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I always used to consider myself to have an avoidant attachment style, characterised by a tendency to ‘push people away’ when things feel like they’re getting serious. That was, until I met someone who was also avoidant, and then I went completely the other way- the good ol’ avoidant to anxious pipeline…

Apparently I’m not alone in ‘switching sides’ either, having done a quick Google search before writing this piece, there are countless forums of people saying exactly this- that their relationship, or moreover, that the breakdown of their relationship, has led to their attachment style changing as a result. Today’s post then is a look into that, hopefully providing you with some insight into why you might have found your own attachment style having shifted post breakup…

First of all, what is the difference between an anxious attachment style and an avoidant attachment style? I wrote a post last week on attachment styles where I go into this in more depth (read it here), but the basic definition is:

Anxious: a type of insecure attachment style rooted in a fear of abandonment and an insecurity of being underappreciated. About 20% of the population are said to have an anxious attachment style. 


Avoidant: a type of insecure attachment style characterised by a tendency to avoid emotional closeness and dismiss the importance of intimate relationships. About 30% of people have an avoidant attachment style.

These are not the only attachment styles, there is an alternative (and much preferred) one, secure attachment, but, in thinking about the negative impact that attachment styles can have on a relationship, I will just be focusing on anxious and avoidant today. 

Can Attachment Styles Change In Adulthood?

Although attachment styles are formed in childhood based on the model of love we were shown by our primary caregivers, they can change as we experience new relationships, whether for better or worse. For example, if you have an insecure attachment style, but enter into a relationship with someone who has a secure attachment style and is really self-aware, then it’s completely feasible that, through being in that healthy relationship, you end up becoming more securely attached yourself. 

However, on the other hand, if you have an insecure attachment style- avoidant, and enter into a relationship with someone who also has an insecure attachment style- also avoidant- then, in that relationship you might find that you become more anxious leaning as a direct result, craving the validation that you don’t feel you’re being given.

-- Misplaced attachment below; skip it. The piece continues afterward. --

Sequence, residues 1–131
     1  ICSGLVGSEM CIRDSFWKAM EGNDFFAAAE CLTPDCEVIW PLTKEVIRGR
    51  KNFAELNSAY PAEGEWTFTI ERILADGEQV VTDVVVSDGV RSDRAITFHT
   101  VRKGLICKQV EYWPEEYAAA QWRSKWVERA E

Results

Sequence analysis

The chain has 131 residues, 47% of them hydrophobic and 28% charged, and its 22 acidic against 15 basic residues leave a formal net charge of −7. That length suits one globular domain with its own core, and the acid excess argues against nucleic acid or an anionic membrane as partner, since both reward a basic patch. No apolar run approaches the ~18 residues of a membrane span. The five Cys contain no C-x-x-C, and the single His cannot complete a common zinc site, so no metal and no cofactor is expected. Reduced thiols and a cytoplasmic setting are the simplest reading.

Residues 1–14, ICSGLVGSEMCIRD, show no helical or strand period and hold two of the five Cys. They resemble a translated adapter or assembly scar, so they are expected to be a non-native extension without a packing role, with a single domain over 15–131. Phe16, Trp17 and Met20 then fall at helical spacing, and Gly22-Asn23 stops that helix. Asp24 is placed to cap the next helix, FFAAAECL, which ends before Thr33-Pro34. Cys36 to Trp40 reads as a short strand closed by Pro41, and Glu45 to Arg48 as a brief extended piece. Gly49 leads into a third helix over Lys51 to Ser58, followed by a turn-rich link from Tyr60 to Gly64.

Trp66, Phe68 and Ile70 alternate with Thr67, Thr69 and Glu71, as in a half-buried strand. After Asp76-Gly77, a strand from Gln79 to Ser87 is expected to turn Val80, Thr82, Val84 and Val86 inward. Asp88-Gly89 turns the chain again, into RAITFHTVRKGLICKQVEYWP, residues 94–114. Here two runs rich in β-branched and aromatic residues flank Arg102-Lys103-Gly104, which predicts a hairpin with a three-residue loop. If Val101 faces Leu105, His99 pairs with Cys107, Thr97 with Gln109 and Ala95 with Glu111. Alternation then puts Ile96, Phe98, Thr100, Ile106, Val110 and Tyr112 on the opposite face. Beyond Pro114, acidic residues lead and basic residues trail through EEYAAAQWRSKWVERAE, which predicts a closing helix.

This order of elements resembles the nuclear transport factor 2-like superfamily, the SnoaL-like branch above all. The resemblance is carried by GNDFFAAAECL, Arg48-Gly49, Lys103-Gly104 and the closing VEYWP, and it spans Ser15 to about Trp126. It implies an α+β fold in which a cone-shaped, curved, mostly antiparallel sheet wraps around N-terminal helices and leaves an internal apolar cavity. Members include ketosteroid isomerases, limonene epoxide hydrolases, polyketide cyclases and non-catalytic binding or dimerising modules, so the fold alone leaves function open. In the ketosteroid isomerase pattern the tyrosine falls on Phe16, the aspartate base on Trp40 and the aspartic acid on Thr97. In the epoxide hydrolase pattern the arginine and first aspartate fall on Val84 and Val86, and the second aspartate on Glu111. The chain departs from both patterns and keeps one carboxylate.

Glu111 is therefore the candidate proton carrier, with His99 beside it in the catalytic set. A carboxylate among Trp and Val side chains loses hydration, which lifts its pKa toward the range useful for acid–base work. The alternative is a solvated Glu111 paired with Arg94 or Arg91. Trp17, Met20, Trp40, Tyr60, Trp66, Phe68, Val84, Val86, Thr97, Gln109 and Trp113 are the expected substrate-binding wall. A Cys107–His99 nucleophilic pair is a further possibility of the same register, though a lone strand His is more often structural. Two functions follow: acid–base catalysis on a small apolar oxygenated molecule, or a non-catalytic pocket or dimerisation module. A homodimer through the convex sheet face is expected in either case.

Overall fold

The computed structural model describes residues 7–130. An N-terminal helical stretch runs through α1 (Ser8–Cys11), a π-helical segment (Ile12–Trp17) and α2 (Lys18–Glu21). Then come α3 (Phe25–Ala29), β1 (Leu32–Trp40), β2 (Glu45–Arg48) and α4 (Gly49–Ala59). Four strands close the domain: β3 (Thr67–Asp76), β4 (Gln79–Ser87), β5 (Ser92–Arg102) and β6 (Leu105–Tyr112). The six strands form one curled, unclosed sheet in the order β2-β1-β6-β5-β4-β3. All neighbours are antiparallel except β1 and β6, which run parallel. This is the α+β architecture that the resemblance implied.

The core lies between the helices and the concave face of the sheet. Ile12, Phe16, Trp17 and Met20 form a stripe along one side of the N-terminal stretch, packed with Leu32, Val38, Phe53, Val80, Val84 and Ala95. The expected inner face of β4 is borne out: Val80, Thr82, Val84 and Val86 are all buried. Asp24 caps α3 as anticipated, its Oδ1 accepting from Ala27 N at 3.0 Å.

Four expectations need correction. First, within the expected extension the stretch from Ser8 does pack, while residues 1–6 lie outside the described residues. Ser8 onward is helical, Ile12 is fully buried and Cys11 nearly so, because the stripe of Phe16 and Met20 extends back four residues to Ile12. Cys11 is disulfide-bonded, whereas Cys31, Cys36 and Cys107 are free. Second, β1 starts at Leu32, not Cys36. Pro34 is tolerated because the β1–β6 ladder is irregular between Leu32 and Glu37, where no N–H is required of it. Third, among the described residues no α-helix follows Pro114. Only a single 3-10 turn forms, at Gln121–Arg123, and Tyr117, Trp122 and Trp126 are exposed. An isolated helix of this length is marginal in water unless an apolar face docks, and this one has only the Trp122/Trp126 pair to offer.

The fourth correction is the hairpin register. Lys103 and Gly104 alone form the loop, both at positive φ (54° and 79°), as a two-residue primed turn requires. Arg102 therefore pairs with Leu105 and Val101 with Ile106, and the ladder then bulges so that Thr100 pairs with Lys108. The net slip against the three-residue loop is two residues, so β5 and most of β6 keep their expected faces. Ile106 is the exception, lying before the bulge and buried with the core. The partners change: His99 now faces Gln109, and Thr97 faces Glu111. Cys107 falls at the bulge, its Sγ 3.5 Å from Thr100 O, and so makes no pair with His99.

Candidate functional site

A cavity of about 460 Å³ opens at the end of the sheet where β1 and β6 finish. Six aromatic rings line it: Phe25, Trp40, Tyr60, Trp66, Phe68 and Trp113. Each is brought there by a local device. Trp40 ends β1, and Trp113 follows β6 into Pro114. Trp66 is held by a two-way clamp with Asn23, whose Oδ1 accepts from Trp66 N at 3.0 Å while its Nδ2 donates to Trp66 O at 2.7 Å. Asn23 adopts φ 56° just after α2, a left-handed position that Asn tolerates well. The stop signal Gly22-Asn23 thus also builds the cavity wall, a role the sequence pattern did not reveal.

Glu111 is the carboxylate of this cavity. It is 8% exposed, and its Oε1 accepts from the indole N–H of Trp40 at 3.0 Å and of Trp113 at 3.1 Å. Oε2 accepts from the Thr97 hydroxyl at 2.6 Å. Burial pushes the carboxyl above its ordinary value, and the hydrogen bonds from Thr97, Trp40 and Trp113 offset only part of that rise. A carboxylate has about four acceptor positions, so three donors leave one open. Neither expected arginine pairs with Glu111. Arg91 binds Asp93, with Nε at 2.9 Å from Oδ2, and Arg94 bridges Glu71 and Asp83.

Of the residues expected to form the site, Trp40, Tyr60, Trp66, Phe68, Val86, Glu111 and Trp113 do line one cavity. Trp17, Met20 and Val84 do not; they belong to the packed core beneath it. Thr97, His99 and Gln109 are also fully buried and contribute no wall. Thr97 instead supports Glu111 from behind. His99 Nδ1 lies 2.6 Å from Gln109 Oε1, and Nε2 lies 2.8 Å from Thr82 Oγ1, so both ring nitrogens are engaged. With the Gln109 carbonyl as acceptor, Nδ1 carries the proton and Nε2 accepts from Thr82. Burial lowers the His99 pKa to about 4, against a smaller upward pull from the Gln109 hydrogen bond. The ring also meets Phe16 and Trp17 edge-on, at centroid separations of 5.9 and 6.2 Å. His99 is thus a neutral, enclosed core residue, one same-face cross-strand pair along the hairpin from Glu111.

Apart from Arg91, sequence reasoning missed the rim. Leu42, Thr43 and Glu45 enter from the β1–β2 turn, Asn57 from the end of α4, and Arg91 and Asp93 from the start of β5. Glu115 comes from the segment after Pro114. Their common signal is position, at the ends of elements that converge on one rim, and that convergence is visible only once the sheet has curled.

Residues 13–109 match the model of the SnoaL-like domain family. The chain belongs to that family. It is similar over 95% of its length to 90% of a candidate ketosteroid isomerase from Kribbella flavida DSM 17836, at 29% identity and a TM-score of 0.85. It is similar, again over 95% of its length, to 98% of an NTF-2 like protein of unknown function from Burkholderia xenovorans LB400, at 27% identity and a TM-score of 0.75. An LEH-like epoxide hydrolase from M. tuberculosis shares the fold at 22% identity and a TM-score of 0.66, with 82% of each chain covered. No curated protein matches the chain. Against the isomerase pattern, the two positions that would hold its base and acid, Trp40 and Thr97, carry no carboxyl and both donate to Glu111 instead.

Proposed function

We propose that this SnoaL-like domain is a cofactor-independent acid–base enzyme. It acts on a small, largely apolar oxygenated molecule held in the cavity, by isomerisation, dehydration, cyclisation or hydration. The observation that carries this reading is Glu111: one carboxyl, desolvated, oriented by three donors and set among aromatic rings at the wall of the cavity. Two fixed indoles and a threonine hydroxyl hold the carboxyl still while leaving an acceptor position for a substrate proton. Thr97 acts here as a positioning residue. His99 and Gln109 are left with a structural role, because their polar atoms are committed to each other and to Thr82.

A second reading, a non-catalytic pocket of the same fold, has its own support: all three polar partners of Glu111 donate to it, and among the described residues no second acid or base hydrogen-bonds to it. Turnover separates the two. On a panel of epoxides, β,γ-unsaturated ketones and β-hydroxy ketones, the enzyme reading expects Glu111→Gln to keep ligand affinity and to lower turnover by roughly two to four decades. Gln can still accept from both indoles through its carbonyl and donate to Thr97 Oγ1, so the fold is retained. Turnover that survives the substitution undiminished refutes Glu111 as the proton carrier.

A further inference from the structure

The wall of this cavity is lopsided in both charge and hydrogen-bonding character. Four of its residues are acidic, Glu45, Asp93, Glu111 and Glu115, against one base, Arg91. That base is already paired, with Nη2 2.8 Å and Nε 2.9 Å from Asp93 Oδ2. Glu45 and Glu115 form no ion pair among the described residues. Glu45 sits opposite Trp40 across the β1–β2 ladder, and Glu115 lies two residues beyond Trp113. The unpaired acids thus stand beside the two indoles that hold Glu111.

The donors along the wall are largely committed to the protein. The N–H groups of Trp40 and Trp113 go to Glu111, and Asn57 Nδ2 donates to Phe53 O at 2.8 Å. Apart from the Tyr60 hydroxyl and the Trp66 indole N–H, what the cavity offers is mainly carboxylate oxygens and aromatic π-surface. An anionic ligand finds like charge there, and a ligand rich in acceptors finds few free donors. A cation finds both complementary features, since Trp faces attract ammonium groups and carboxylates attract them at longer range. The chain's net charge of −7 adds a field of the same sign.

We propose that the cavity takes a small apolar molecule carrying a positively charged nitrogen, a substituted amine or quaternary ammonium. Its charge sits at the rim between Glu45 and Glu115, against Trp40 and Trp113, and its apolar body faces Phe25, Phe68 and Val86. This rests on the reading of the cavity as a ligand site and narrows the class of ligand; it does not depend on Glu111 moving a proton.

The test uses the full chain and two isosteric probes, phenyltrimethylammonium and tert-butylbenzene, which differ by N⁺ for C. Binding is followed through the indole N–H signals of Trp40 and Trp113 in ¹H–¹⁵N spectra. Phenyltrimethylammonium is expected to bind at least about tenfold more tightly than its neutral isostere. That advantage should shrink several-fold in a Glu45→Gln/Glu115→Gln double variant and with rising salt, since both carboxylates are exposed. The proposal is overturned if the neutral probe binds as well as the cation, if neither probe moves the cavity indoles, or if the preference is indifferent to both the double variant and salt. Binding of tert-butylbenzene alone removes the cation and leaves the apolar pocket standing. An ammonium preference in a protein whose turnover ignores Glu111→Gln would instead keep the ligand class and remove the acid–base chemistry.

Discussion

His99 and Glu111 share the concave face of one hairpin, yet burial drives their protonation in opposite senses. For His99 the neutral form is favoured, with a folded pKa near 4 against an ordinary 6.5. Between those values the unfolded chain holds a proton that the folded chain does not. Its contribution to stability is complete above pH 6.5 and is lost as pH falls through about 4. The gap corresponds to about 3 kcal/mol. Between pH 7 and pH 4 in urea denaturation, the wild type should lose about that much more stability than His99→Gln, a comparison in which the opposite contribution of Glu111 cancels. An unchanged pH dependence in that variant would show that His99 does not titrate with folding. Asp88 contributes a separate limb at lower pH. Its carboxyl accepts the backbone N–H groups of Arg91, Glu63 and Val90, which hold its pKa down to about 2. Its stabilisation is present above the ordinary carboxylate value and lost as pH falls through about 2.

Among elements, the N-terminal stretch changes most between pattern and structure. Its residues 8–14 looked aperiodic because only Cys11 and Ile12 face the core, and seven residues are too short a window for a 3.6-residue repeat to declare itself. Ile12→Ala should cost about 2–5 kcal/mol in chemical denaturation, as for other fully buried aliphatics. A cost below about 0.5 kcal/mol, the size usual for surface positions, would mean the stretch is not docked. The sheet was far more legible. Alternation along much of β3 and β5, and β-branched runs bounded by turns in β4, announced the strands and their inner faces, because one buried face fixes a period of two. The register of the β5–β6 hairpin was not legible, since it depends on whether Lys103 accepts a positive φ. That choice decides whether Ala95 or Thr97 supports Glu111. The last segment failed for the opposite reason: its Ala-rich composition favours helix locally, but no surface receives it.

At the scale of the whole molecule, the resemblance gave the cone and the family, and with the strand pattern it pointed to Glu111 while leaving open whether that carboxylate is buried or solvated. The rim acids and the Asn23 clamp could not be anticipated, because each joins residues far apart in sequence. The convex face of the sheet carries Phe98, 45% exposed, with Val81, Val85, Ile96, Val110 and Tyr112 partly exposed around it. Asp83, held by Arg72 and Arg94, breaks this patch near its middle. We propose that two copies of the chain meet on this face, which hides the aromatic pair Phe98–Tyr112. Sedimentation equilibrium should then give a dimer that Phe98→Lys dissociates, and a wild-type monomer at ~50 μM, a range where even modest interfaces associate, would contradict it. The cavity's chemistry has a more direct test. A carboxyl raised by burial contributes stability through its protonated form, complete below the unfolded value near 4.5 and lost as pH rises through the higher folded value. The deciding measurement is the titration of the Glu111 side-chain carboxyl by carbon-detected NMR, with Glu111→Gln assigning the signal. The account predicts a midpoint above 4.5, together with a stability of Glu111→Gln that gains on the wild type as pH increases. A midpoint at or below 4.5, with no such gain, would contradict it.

And vice versa…

If you have an anxious attachment style and enter into a relationship with someone who also has an anxious attachment style, then you might become more avoidant leaning as the pressure to constantly be a source of reassurance and validation for your partner becomes overwhelming, thus leading you to push them away and become more avoidant leaning as a result…

Attachment Styles

Avoidant + Anxious / Anxious + Avoidant

Problems can arise when two people with the same insecure attachment style enter into a relationship, as highlighted in the paragraph above, but so too (and, I would argue, to an even greater extent), where two people with opposite attachment styles enter into a relationship…

Getting into a relationship with someone who has the opposite insecure attachment style to you- anxious with avoidant or avoidant with anxious- this can cause you to become more anxious, or more avoidant, as your opposite attachment styles trigger each others insecurities… For example, the avoidant partner might make the anxious partner more anxious with their avoidant tendencies, and the anxious partner might make the avoidant partner more avoidant with their anxious tendencies…

In cases where the differing attachment styles become too much and the relationship breaks down, this can also be a cause for people to ‘switch sides…’

Insecure Attachment = Perceived ‘Protection…’

When an insecure attachment style is, in many ways a coping mechanism, a way for us to feel safe and like we are protecting ourselves, (even if we are in fact contributing to us feeling even worse in the process), going through a break up, which is arguably one of the most painful things to go through, can see our attachment style changing as a sort of ‘defence mechanism.’ If we had an anxious attachment style before and feel like we pushed people away with that, we might close in on ourselves, becoming avoidant so as to avoid that happening again.

It’s Not All Doom & Gloom!

Despite the obvious challenges that can, and do, exist in relationships with people who are insecurely attached, there are loads of couples with insecure attachment styles who do manage to make it work. It requires a lot of self-awareness and trust and, perhaps most notably, the ability to communicate with each other, but it is very much possible.

Very much possible, and very beautiful, proving to the anxious that they’re not ‘too much’, and to the avoidant that they are ‘enough.’

Proving that love finds a way, 


beautiful –


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